Taking the GRE in China

Wow. It’s been so long. I feel like I haven’t seen you in forever! I’m sorry I’ve been out of touch – work has been busy. No, I haven’t been avoiding you. OK, so maybe it wasn’t just work. But I really have been busy. Let me explain.

At the beginning of the summer I started studying for the GRE and man it really took over my life. For three months, every Monday morning before work I’d wake up at 5:30 am and log on to a virtual classroom based in the States for three hours. The other mornings and evenings were devoted to homework for that once-a-week class. Needless to say, Chinese classes were put on hold, work hours blended into study time, and, unfortunately, my dedication to you wavered. But recently I have emerged from my dark study corner and am here to tell you all about it.

Signing up for the GRE in China is about as serpentine a process as one would expect. First, like all other GRE test takers, you have to make an online account with ETS (the people who make the test). But, apparently ETS outsources its services abroad to local companies. The one for China is NEEA, and you have to make an account at their official website as well. To secure a seat, you first have to deposit RMB1,155 into your NEEA account, but to do this, you have to have an online banking account with one of only three Chinese banks: ICBC, Bank of China, and China Merchants Bank.

This is a whole different ballgame. Most foreigners don’t even end up getting online banking here because it’s such a hassle and in the end, you can’t even conduct most transactions online without an official ID from the government. Getting an online banking account requires going to a local bank with a passport, picking up a funky USB Key, setting up the USB Key on your computer (with a Chinese friend if your language skills aren’t up to par), and using the device whenever you want to purchase an item online. Luckily, I had already done this.

Finally done! The ride back home after taking the GREAfter searching among the 20-odd centers in Beijing, most of which are located in the far-off university district of Haidian, securing a date, and paying for it, I decided to head out a week before the test for a dry run. I had settled on a relatively close test center on one of Beijing Normal University’s many campuses, only 45 minutes away by bike. After finding the university grounds, I biked up and down the street four times, trying to find any indication of the test center. Finally, I parked and asked a security guard “GRE zai na’er?” (“Where’s GRE?”) He told me to turn around, walk down a side hutong alley for a bit and then I’d see a sign. So much for it being on campus.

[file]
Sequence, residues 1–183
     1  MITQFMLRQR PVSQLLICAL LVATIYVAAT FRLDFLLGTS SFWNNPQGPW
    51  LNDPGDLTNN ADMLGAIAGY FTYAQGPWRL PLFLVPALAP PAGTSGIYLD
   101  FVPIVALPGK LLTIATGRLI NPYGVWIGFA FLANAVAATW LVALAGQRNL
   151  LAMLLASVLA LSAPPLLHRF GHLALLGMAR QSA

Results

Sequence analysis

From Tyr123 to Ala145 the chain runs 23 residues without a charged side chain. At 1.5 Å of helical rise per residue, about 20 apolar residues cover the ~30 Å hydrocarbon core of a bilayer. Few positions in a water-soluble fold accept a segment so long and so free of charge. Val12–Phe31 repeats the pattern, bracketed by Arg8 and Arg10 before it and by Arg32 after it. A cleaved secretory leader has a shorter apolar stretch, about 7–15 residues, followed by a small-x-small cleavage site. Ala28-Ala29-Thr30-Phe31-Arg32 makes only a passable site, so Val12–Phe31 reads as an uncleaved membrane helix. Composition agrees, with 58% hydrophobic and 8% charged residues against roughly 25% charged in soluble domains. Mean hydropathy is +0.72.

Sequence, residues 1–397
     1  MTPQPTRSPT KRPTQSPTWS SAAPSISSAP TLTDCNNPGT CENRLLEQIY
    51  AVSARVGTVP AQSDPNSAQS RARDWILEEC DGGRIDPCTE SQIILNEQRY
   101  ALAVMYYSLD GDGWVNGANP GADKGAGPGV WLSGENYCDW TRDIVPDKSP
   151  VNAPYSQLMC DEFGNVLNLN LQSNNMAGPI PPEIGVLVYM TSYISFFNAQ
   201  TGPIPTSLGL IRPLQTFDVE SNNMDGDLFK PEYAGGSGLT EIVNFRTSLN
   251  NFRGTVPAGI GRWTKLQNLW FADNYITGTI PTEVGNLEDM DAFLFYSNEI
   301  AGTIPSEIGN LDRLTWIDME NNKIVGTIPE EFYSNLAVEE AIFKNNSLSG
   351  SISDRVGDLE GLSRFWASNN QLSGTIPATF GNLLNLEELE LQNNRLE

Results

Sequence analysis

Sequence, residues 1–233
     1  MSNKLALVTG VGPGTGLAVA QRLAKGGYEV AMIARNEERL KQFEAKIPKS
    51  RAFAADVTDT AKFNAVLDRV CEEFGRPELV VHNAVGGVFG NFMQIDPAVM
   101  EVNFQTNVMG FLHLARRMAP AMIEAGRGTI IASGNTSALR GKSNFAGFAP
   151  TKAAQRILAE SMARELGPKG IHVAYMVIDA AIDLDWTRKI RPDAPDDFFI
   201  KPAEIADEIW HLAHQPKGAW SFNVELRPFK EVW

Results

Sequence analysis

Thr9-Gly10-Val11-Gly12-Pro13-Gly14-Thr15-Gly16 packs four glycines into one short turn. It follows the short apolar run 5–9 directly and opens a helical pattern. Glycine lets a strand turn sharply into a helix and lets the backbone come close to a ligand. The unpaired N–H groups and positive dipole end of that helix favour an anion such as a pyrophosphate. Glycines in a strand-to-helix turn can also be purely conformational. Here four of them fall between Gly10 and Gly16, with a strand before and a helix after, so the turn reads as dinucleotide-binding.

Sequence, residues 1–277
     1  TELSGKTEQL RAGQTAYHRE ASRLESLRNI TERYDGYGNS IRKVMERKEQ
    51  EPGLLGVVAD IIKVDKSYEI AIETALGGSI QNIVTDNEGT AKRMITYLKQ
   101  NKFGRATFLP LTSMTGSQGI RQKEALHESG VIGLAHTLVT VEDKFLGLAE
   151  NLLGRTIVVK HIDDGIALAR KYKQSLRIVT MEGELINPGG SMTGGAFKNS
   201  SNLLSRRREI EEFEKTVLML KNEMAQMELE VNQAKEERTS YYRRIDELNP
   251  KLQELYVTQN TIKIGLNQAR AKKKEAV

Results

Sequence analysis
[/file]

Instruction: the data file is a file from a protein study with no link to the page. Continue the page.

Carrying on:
I hopped off my bike and headed down the alley. A few minutes later at the opening of a large courtyard, I saw a piece of paper with “GRE” typed on it, the ink stained from previous rains. With no other indication of where to go, I meandered past the courtyard’s basketball courts and men’s dormitory, reaching the last building: a two-story cement building with a tin roof that leaked and no sign of electricity. I had finally found the test center.

Returning the next weekend, I tried to be prepared for anything. I had heard stories from friends in China of being given an older version of the GRE on test day and having to take it again a few weeks later, having to wait three hours to take the test because the center had belatedly realized they had downloaded the wrong version, and being given paper tests.

In the end, despite the outward ramshackle appearance of the center and scary stories, everything on test day went smoothly. The building was heated, security was tight, and we took the test in little cubicles nationalistically equipped with Lenovo computers. I was reminded of where I was, however, when I entered the bathrooms. Only in China do you need to bring toilet paper to take the GRE.

One Response to “Taking the GRE in China”
  1. SB says:

    Ugh. I need to sign up to do that this fall. As with everything in China, it takes you DAYS to do things that you could do in under an hour back in the US (or any other country really). Can you help me out with a few questions?

    1) How many times is the GRE offered on the mainland?

    2) Does the money for the test have to come from my personal account or could I just have a Chinese friend wire the money instead?

    Thank you so much!

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